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Flats plan for Burnside House, Skipton, refused
9:00am Friday 12th October 2012 in News
A controversial proposal to build six flats in the grounds of Burnside House in Skipton has been turned down.
Cawder Construction was seeking permission to build a free-standing two-storey block of six, two-bedroom flats in the grounds of Burnside House, which was converted into retirement accommodation for the over 55s about six years ago.
Marcus Catling, who was representing several Burnside House residents, told a meeting of Craven District Council’s planning committee: “This application breaches the integrity of Burnside House by planting a big slab of building in front of it. It would seriously diminish the amenity of the area and would represent the worst of 1960s institutional building.”
He also said the plan would result in the removal of a “magnificent” oak tree.
Tony Coupe, speaking on behalf of Cawder Construction, said: “This would bring an undeveloped part of Burnside House into use and would result in the construction of six desperately needed retirement homes. We are sorry the proposal calls for the loss of one tree, but we will provide two substantial trees in its place.”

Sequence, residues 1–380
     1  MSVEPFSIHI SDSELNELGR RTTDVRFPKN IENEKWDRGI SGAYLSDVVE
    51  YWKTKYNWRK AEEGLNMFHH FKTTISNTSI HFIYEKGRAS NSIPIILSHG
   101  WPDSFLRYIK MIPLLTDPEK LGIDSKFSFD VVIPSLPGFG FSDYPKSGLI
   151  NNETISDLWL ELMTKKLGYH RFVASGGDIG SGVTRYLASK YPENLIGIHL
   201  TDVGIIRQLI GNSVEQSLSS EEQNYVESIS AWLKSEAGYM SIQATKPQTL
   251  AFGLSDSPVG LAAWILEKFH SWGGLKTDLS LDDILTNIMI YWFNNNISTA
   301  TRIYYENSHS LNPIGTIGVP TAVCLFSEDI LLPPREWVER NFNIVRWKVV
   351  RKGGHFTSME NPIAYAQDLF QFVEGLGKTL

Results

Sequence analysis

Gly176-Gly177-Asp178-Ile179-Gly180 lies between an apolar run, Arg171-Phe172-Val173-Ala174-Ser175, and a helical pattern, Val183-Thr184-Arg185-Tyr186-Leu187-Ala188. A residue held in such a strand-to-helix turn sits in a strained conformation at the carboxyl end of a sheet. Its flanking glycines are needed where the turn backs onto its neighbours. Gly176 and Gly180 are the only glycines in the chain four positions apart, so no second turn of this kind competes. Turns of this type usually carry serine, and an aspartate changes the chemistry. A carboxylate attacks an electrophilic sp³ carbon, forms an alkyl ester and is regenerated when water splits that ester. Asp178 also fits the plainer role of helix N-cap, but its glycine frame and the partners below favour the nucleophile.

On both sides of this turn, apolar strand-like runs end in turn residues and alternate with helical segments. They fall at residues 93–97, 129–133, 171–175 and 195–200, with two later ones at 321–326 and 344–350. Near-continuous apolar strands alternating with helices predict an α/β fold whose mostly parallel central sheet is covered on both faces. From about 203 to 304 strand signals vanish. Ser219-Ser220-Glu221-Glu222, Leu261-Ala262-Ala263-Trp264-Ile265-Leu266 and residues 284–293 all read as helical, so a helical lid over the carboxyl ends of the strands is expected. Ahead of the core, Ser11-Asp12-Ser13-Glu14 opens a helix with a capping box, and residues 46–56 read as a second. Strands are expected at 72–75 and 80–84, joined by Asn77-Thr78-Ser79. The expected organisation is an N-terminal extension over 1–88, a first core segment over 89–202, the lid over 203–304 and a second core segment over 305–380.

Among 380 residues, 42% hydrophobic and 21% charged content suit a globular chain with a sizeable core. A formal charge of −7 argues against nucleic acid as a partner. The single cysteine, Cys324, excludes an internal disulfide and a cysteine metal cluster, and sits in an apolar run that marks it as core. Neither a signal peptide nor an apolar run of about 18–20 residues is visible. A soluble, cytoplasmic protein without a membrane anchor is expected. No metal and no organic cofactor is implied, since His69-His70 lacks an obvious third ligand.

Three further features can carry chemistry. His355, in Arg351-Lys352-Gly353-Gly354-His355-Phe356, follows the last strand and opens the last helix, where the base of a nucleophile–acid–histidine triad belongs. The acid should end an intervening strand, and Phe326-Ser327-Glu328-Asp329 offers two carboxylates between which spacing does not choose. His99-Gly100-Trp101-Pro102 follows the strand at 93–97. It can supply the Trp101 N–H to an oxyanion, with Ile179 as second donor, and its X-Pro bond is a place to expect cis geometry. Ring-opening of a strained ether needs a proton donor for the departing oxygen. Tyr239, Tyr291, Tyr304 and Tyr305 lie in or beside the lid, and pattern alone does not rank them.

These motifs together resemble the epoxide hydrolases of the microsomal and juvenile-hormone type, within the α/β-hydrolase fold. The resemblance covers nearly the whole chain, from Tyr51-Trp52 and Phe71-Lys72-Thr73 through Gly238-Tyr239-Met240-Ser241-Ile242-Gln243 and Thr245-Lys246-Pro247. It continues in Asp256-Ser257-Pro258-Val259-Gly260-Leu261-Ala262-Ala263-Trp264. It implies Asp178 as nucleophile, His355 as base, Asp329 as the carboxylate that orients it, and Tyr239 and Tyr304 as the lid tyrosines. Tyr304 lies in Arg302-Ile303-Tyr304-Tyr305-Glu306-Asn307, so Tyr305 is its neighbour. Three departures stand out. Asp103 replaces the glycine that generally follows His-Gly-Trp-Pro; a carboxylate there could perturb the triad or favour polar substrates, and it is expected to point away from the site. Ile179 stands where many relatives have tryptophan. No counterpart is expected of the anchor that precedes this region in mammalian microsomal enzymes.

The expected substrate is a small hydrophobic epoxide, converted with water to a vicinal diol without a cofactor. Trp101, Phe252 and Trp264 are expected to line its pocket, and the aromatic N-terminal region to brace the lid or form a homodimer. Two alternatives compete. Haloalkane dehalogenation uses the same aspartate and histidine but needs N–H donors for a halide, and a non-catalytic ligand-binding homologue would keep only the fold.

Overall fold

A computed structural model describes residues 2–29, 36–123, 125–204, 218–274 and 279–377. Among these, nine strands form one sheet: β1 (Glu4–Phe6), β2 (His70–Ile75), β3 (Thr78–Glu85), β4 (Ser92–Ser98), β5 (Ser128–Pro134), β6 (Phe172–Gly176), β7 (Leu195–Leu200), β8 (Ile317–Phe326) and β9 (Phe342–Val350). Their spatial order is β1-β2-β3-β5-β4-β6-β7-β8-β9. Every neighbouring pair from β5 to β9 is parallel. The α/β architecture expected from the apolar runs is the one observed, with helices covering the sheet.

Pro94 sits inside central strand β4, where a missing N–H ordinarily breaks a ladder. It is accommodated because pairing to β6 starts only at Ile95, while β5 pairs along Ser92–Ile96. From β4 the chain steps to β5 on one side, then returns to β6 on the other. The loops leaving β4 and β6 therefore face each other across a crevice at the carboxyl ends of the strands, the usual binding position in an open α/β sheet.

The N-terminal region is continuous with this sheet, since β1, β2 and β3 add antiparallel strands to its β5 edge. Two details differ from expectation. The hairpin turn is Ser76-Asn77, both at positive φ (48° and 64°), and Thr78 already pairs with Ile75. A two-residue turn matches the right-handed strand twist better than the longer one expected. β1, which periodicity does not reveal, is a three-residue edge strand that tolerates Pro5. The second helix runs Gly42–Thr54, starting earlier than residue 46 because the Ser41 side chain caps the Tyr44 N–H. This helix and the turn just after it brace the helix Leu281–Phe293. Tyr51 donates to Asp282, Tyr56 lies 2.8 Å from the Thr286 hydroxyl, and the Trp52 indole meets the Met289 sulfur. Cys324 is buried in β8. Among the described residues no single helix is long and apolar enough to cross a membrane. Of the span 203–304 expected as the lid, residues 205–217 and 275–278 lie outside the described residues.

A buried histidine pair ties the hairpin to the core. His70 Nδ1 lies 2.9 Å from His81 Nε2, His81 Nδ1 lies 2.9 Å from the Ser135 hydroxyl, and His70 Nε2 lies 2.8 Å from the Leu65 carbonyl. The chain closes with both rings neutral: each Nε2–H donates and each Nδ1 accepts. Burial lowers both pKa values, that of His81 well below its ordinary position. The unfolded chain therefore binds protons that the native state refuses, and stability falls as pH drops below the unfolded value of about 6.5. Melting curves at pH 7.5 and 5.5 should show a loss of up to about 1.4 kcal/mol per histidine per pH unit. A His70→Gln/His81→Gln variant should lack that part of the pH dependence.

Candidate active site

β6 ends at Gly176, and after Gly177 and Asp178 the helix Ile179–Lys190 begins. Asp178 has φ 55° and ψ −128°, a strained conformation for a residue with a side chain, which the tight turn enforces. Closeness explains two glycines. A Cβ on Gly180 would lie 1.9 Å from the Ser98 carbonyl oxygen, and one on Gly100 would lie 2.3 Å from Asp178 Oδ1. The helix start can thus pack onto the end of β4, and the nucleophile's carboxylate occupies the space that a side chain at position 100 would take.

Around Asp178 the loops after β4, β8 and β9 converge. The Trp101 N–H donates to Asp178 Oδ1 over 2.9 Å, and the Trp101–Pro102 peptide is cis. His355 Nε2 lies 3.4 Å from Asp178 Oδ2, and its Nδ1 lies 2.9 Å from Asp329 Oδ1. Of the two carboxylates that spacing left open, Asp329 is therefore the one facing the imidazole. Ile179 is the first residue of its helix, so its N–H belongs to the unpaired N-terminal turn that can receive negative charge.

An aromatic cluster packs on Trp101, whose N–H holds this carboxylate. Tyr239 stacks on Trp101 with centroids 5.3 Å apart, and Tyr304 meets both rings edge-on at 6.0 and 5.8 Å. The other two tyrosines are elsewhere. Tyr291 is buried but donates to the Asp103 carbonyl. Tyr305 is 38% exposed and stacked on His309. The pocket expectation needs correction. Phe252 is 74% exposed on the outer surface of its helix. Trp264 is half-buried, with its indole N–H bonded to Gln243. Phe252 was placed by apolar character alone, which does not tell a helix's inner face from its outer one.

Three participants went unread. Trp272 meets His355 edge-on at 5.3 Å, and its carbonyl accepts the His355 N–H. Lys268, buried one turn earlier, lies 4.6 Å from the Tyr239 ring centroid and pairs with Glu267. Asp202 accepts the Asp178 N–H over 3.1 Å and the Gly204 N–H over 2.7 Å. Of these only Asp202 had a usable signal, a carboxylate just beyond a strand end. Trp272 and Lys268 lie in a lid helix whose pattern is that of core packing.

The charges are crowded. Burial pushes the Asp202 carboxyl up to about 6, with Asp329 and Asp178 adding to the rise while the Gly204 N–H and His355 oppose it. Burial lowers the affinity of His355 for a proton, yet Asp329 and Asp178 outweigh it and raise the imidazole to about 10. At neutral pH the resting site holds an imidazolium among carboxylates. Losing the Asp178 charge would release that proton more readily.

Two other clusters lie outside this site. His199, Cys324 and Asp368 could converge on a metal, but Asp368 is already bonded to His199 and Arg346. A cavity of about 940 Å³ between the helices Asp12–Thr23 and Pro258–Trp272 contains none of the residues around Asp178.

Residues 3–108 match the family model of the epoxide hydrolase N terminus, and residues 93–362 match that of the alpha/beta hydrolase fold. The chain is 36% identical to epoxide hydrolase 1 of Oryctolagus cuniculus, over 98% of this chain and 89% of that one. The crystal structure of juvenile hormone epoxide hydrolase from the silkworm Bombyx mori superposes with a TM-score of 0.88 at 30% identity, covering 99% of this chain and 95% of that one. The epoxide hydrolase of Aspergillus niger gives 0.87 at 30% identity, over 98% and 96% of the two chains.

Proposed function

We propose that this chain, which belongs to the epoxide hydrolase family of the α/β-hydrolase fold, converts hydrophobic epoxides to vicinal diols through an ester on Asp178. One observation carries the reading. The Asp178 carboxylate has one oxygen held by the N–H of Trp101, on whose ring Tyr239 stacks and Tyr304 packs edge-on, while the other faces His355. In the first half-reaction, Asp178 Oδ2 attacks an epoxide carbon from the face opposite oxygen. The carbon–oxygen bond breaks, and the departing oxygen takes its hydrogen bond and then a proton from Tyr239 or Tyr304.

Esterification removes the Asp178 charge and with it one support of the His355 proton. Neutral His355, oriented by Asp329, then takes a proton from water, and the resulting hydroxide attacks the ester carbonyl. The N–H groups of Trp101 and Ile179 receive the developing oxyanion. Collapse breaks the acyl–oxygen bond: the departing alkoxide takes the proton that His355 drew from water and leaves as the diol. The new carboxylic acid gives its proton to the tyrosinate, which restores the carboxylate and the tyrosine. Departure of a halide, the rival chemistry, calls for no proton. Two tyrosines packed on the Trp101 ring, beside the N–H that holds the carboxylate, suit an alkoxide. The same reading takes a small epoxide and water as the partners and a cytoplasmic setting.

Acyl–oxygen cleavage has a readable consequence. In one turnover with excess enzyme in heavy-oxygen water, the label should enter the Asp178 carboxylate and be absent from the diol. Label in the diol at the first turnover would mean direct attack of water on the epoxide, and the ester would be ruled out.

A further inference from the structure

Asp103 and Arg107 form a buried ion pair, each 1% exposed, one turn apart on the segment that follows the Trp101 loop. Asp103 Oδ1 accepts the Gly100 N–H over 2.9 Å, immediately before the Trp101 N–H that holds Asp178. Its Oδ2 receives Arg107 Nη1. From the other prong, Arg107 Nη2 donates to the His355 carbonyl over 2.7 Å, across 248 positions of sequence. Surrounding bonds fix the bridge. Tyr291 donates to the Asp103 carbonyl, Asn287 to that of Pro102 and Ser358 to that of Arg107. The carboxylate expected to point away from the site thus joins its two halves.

Planning officers had recommended refusal.
In a report to the meeting, they said that the aim of the 2005 conversion plan was to sympathetically restore the badly fire damaged former children’s home and preserve the site’s landscaped frontage onto Carleton Road.
“The application site is part of the prominent area of attractive landscaped frontage which had been protected from development in the 2005 design approach,”they added.
Proposing refusal, Coun Alan Sutcliffe (Cons) said: “This would be a complete and utter desecration of the conservation area.”
Committee chairman Coun Richard Welch (Cons) said: “When I pulled into the drive during a site visit, I thought ‘what a lovely setting’. I can’t think of a worse place to stick a building. This is a nice setting that wants to be maintained.”
Councillors refused the application on the grounds that the bulk of the building would fail to enhance the character and appearance of the conservation area.